Student teaching can be an endeavor fraught with anxiety. Those entering the classroom for the first time face the daunting challenge of translating coursework on the theory of teaching into real-world experience. Common questions for anxious student teachers include: Will I be a good teacher? Will I ever get control of my classroom? How can I do all of this grading and plan for next week at the same time? This helpful guide by teacher educator Rosalyn McKeown offers practical suggestions for student teachers, interns, and teacher candidates just starting out in a secondary school classroom. This easy-to-read text enables new educators to rapidly advance their teaching skills early in their pre-service experiences. After exploring the pitfalls of inexperience and providing helpful guidance on maintaining order in the classroom, McKeown focuses on teaching skills. She advises readers on writing objectives and lesson plans, creating interesting ways to start and end class, introducing variety into the classroom, lecturing, asking meaningful questions, and using visual aids. Among the other topics discussed are setting up a classroom, recognizing differences in learning styles, and developing an individual teaching style. Sidebars scattered throughout the text offer useful advice on everything from how to deal with stage fright and distracting noises from outside, to planning for block scheduling and avoiding the attributes of a boring teacher. With McKeown’s own list of expectations for her classes, templates for hall passes and lesson plans, and scores of tips garnered from years of experience, Into the Classroom provides information a first-time teacher needs to enter the secondary classroom with confidence.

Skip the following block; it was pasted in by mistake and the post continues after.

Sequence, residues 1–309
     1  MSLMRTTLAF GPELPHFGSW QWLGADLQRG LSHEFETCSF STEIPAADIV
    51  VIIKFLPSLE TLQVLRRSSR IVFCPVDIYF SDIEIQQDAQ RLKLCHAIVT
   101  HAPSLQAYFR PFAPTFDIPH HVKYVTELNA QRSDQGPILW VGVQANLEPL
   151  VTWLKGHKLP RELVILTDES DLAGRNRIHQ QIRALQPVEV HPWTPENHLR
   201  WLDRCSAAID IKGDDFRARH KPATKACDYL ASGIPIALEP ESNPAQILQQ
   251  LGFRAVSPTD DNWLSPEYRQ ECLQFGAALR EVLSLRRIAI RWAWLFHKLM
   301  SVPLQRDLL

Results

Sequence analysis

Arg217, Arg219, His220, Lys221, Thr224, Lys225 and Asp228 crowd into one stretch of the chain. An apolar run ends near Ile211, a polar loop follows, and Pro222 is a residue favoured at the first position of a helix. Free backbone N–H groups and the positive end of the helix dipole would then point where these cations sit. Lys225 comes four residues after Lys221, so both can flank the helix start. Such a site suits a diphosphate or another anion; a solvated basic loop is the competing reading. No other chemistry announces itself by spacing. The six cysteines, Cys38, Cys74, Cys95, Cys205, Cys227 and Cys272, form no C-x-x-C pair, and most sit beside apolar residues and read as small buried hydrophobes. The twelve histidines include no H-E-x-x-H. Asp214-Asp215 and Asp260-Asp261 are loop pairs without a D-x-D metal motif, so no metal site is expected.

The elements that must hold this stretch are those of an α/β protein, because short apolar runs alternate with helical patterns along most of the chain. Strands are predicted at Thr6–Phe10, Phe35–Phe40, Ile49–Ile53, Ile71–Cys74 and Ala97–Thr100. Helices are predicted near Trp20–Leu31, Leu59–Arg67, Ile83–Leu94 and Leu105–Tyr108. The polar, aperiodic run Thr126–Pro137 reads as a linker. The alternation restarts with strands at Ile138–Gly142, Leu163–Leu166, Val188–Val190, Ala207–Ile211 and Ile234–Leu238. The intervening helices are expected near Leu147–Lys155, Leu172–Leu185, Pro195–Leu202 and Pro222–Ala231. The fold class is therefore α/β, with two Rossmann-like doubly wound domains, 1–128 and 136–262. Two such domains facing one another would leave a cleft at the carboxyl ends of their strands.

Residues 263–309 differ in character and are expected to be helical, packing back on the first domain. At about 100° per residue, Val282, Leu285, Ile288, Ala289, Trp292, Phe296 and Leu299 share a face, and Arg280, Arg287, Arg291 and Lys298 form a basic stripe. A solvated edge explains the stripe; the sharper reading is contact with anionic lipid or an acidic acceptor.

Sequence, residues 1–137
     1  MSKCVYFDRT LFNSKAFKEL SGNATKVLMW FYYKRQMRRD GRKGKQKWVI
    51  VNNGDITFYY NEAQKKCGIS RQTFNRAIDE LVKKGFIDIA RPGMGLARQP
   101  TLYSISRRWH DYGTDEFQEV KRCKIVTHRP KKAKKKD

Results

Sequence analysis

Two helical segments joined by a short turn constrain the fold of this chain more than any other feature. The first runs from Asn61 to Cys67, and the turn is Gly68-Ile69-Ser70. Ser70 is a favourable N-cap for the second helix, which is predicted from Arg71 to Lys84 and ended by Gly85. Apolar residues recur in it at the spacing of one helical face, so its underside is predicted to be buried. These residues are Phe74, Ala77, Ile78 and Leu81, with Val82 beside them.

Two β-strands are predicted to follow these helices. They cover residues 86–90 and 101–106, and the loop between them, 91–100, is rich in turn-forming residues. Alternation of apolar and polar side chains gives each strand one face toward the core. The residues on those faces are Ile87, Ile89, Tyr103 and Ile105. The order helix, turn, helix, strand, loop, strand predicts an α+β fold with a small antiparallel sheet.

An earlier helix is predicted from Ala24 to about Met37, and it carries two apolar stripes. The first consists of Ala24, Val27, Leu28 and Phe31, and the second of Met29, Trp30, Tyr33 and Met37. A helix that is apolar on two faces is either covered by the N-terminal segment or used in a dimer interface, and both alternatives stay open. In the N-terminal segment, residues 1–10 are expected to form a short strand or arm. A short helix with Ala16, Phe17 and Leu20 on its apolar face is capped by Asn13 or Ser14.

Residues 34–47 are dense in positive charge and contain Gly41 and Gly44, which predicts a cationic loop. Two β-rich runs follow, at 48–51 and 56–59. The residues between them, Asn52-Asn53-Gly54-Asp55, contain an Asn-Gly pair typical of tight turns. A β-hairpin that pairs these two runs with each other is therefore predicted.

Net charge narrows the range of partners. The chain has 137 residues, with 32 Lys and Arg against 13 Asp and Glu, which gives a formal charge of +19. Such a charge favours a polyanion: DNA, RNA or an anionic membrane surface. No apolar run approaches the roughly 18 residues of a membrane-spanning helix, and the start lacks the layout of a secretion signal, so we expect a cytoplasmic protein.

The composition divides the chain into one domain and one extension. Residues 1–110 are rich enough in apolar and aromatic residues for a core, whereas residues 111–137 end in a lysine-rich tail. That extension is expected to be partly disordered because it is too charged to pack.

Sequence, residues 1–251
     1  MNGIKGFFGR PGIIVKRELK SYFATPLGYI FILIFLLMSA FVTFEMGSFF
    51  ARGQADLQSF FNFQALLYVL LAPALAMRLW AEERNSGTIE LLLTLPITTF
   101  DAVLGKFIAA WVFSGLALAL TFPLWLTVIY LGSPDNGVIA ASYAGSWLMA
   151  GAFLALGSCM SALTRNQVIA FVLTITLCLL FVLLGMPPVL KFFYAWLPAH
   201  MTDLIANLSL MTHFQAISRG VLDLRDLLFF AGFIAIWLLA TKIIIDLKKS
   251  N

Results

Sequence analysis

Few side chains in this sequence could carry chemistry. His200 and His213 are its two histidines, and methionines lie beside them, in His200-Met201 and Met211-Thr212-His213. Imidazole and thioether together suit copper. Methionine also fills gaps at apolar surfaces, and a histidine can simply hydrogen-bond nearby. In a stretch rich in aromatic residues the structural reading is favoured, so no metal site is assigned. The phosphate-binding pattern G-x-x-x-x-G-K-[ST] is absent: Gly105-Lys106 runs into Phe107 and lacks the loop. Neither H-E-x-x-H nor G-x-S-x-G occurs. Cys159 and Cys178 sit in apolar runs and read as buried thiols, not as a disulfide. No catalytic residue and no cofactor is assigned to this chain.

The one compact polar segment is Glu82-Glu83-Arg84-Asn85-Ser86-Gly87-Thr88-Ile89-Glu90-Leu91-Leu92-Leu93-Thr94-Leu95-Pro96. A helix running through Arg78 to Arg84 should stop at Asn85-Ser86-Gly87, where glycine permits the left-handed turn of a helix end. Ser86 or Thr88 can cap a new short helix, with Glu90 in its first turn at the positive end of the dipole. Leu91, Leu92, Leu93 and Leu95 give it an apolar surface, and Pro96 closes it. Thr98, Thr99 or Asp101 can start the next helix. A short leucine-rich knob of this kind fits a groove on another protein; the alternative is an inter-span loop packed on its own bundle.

A Primer on Qualitative Inquiry